Localisation refers to the practice wherein different components of the vehicles are manufactured within the country where the vehicle is meant to be sold. 100 per cent localisation within the automotive sector would be an aspirational dream in tandem with the ‘Make in India’ vision of PM Modi.
The Indian automotive industry has gained its momentum since early January 2021 and the Indian auto components industry is expected to reach US $ 200 billion in revenue by 2026. The spine of the industry is the suppliers of auto components and accessories which is also an exclusive part of the auto industry. But India’s auto component manufacturing sector is yet to achieve its true potential. And this is not because of challenges in the technology but the cost of production remains the main area of concern.
While the whole
nation is focusing on becoming ‘Atmanirbhar’, it is an opportunity for many
sectors and contretemps for a few. The government has urged the Indian auto
components manufacturers to increase localization to 100 percent and provide a
push to local manufacturers to bolster the domestic supply chain and strengthen
the automotive industry from its core.
Many Indian auto component industries aim to cut dependency on imports but it is easier said than done. It can be strenuous for the sector as 30 per cent of the industry is still dependent on imports from other parts of the world, mainly China. While the dependency of the auto manufacturing sector on import is approximately 70 per cent but some companies are supporting 75-95 per cent localisation. The auto sector is one of the key drivers of the Indian economy and a top contributor amongst the manufacturing sector. Localisation will be the way forward if we want to safeguard ourselves from fluctuating exchange rates which directly impact the final model /product cost.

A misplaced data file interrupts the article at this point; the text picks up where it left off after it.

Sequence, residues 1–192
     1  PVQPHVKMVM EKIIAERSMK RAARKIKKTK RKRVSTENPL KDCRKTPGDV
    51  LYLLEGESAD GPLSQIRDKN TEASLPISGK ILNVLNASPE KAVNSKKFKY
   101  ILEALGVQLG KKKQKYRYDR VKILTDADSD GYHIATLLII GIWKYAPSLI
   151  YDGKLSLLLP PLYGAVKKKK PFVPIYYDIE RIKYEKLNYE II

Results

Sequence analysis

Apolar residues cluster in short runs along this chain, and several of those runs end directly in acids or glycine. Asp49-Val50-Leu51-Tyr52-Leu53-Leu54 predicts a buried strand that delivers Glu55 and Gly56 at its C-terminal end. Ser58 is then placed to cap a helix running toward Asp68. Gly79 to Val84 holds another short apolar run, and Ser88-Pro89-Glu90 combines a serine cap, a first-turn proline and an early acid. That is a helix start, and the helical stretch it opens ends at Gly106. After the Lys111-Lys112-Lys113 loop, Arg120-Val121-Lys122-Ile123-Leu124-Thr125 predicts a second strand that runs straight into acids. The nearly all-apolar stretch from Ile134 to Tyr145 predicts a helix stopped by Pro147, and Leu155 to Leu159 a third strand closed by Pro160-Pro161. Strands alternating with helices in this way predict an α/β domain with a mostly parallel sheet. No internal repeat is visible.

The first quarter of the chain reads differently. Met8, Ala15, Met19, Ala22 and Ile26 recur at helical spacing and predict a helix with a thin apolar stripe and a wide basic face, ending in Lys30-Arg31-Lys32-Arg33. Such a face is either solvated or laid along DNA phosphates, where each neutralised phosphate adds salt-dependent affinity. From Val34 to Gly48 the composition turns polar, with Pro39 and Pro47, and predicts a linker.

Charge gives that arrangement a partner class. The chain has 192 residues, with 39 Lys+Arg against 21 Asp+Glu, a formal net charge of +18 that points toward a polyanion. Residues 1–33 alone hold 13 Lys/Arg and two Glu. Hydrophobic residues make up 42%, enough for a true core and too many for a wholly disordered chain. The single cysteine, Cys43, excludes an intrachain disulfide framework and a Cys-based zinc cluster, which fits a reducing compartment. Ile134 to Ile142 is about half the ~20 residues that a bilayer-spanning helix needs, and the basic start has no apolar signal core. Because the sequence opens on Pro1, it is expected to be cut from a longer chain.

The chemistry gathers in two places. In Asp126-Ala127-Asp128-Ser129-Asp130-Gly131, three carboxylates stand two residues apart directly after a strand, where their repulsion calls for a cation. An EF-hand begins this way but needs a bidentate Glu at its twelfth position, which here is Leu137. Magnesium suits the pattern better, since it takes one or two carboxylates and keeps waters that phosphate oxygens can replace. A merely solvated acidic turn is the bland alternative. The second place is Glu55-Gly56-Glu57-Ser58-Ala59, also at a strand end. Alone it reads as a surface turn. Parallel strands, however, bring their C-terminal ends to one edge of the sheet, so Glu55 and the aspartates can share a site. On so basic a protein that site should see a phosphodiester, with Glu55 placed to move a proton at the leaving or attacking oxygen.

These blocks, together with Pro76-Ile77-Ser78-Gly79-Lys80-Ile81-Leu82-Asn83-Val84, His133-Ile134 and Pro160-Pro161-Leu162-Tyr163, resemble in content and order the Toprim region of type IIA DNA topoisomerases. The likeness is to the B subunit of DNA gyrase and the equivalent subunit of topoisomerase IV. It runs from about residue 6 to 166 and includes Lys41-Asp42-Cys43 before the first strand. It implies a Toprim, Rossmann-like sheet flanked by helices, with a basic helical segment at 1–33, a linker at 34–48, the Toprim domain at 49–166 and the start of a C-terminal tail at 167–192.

from across the nation have sought government support for localisation of
electronic components, especially semiconductors, which is currently facing a
global shortage; stating it would need high investment. The factors making the
differences are unavailability of resources, skilled labour availability, and
technology, high cost of production, and government policies of indirect taxes
such as custom and excise duties. To encourage localisation cent per cent, the
government and auto components companies should work together on a road map for
self-reliance for more localisation of auto components.
Given the current scenario, most of the auto manufacturing companies have shown their interest in adapting the government’s 100 per cent localisation movement but seeks government support in terms of infrastructure deficit, talent crunch, industry scale-up policies, access to world-class technology and practices, remaining cost-competitive and availability of cost-effective capital. The industry is facing challenges from rapid change in technology in this segment which calls for more funds for investments in research and development. As regards to the trade policy, the challenges mainly faced by Indian manufacturers are slowing down of investment in the OEM auto sector, duty on imported auto parts, and the sharp rise in imports mainly from ASEAN countries.
The auto manufacturing industry plays one of the pivotal roles in contributing 7.1 per cent to India’s Gross Domestic Product (GDP). The entrepreneurial community from the Auto component fraternity has wished for crucial interventions from the government on taxes, scrappage policy, import-substitution, capacity installation, and R&D.
(About the author: The article is written by Manav Kapur,
Executive Director at SteelBird International.)
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